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Legacy Series: Focus on Kingdom Choir

This series is part of the content migration programme from earlier versions of UKGospel.com, ensuring the history and evolution of the UK Gospel music scene is recorded and publicly accessible

  • Original publication date: 26 June 2005
  • Written and edited by: Yinka Awojobi

I realised recently that UKGospel.com hadn’t done a decent piece on any UK choir in an age.  It wasn’t a deliberate thing, but we were leaning quite heavily towards the ‘Urban’ side of things.

Nothing wrong with that, but there’s more to the United Kingdom than Hip-hop, RnB, Soul and such. 

Our legacy has been built on the arrangements, focus and discipline of the corporate vocal genre, and Kingdom Choir is one of those groups that best illustrates the fact that while the Urban genre continues to grow solidly, the choir tradition is still pretty much a thriving format.  

I fired off a few questions at founder Karen Gibson (centre in photo) to talk packaging, the choral genre and BMC (Black Majority Churches) involvement in the Christian and wider mainstream…

KINGDOM CHOIR HAS BEEN AROUND FOR QUITE A BIT, EVEN THOUGH THE NAME  MIGHT BE UNFAMILIAR TO MANY.  WHAT’S THE BACKGROUND…?

We first started singing as a group on a radio programme called ‘The Gospel Train‘ (most of us had sung together before this in the London-wide COGOP (Church Of God Of Prophesy) choir called The District Choir). 

  • We would either sing with the programme’s host choir of the week, or we would be the sole host choir. 
  • One day we were asked to sing for the BBC’s Songs of Praise‘s 35th Birthday programme.  The producer, Diane Reid, asked me for the name of the choir, but we didn’t have one!
  • She tactfully suggested that we get one in time for the programme – so we did! Our mission is to worship and honour God through our singing, and to see lives and hearts turned towards Him.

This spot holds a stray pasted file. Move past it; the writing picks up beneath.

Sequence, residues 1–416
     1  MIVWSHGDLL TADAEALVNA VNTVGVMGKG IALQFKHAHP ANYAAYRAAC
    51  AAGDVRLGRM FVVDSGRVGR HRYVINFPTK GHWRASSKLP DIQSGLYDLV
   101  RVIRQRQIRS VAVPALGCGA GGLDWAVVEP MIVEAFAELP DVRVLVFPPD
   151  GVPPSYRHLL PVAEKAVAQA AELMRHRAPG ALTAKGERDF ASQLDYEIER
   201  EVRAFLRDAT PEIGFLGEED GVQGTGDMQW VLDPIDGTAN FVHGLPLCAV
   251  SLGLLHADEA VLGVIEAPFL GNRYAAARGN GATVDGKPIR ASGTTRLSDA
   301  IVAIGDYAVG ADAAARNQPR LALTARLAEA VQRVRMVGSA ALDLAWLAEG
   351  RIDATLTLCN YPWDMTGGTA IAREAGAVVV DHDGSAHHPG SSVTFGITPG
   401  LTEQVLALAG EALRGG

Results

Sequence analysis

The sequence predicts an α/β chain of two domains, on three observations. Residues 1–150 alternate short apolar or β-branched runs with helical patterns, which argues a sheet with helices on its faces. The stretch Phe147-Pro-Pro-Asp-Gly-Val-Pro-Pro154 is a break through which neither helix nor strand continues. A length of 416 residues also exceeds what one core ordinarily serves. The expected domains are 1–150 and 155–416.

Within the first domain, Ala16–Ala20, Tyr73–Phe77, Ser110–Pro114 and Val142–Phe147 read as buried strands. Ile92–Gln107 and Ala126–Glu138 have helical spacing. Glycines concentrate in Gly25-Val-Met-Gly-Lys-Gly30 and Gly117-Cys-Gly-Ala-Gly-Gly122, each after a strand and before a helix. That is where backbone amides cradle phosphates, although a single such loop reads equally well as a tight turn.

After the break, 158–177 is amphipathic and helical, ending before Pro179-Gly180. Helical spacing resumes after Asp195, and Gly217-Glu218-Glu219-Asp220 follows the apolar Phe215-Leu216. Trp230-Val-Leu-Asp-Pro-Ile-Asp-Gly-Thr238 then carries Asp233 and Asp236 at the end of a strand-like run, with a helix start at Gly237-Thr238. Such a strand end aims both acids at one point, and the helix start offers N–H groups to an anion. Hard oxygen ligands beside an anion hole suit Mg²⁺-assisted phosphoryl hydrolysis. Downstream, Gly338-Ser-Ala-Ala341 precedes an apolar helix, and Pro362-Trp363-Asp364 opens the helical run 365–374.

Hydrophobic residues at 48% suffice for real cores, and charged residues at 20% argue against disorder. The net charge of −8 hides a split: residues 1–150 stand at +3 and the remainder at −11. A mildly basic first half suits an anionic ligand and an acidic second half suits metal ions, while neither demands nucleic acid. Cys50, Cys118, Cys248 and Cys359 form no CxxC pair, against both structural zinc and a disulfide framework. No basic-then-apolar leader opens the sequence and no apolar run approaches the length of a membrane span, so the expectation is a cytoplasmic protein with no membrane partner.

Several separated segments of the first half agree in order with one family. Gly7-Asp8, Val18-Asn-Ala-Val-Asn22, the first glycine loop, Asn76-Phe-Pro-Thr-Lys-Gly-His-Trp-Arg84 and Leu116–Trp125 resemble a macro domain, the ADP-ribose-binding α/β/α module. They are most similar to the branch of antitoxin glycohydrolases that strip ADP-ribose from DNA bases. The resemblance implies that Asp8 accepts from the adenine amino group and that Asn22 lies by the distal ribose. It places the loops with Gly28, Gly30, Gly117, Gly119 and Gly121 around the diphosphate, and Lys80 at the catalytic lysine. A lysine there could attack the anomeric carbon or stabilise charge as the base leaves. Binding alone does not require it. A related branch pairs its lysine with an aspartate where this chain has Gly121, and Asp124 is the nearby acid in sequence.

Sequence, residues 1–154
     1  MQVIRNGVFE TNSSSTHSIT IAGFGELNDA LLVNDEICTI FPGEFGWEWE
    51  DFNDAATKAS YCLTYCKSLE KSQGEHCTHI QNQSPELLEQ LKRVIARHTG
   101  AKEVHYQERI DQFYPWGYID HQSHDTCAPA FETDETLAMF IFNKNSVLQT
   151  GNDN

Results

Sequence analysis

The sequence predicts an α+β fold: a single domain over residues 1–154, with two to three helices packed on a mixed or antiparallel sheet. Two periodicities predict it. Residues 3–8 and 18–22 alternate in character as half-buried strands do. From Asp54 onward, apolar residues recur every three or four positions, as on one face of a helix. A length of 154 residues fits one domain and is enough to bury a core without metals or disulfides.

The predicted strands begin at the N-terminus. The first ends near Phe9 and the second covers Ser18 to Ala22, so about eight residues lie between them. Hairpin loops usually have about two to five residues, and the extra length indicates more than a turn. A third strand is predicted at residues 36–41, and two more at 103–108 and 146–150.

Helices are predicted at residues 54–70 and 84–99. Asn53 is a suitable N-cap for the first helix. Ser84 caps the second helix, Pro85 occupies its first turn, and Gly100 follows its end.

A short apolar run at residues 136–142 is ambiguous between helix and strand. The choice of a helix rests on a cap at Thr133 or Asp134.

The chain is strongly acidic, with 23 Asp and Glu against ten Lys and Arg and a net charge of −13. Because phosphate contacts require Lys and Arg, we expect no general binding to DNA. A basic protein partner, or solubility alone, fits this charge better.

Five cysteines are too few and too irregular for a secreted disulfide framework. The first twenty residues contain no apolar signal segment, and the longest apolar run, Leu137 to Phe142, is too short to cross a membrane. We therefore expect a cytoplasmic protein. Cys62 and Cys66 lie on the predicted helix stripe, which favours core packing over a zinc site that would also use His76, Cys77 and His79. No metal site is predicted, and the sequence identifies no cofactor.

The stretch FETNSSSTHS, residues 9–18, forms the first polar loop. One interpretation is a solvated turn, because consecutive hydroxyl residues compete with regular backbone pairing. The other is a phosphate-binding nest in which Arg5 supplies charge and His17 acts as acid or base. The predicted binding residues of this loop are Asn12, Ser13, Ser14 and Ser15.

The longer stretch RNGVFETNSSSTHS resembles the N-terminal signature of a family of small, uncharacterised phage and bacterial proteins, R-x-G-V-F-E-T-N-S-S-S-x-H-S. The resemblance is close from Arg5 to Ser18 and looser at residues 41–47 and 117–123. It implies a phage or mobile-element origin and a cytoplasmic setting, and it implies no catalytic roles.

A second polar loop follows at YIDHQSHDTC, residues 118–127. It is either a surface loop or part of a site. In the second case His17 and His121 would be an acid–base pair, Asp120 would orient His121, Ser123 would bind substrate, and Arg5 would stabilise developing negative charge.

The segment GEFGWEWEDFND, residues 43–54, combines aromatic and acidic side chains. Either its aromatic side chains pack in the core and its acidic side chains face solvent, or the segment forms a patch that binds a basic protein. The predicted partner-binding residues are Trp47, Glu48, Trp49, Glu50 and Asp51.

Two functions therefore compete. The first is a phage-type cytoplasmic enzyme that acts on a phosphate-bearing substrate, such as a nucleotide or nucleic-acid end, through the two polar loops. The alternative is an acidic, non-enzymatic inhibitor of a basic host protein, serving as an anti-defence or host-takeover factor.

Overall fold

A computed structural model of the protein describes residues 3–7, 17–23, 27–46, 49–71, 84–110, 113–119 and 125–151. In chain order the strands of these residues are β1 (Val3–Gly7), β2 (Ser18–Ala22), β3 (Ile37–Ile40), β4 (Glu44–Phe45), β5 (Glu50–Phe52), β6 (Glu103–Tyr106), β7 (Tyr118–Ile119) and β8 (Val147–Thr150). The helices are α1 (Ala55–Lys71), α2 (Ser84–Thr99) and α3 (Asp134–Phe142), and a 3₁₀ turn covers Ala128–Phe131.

AND HOW ABOUT YOU? WHAT’S YOUR BACKGROUND…?

My musical training is classical, having been started on the piano, then the oboe. My sister (who played piano, clarinet and saxophone) and I started a gospel wind quintet called Windsong

  • That group went on to form the basis of what would become my first gospel singing experience – New Dawn, an acapella group of 6 young ladies singing in 4 and 5 part harmony.  
  • From there, I got involved with the District Choir through Noel Robinson who was the director at that time.

YOU RELEASED YOUR DEBUT ALBUM, ‘SMILE’ LAST YEAR. WHAT WAS THE STORY THERE…?

Many have asked why it has taken us so long after being together for 10 years – I was regularly  confronted with the obligatory “…so, when’s the album coming out, then…?”.  

I was usually stuck for an answer because really, I was waiting for the right time – God’s time.  I really believe that nothing happens before it should.

IT’S VERY WELL PACKAGED. I REALISE THIS IS A RATHER OBVIOUS QUESTION, BUT AS MORE ARTISTS COME INTO THE MARKETPLACE IT BECOMES IMPORTANT TO SIGNPOST THE ESSENTIALS. 

WHY WOULD YOU SAY THE PACKAGING ASPECT IMPORTANT…?

Packaging is important when marketing to a generation of aesthetically moved individuals. 

If something doesn’t look good, people won’t purchase it.  Good packaging gives the impression that the item you are purchasing is one of quality – it’s a halo effect – people make up their mind about a product within 10 seconds and with a CD, they wouldn’t have the opportunity to listen to it – its about what they see first!

Plus, KC is a choir, which is pursuing excellence – and that is not just about singing!

AND THE PROCEEDS OF THE ALBUM ARE GOING TO A CHARITY? WHAT ARE THE DETAILS ON THAT…?

Christian Aid, via Ken Fuller, their BMCs Liaison Co-ordinator, approached us. He had heard the choir before and liked our sound.

  • I liked the idea of contributing to something that I thought would be worthwhile. Christian Aid are doing great things in the developing world that more of us should be aware of – taking part in their staff conference last year was a revelation. 
  • The choir has a heart of worship so it was something new to write about issues of social injustice, but I think it is reflected well in songs like ‘Guardian Angel‘ and ‘Infinitely Perfect‘.

YOU SAY ‘Many of us are ignorant of issues in the developing world and what various doing to tackle them…’ WHAT DO YOU MEAN BY THAT…?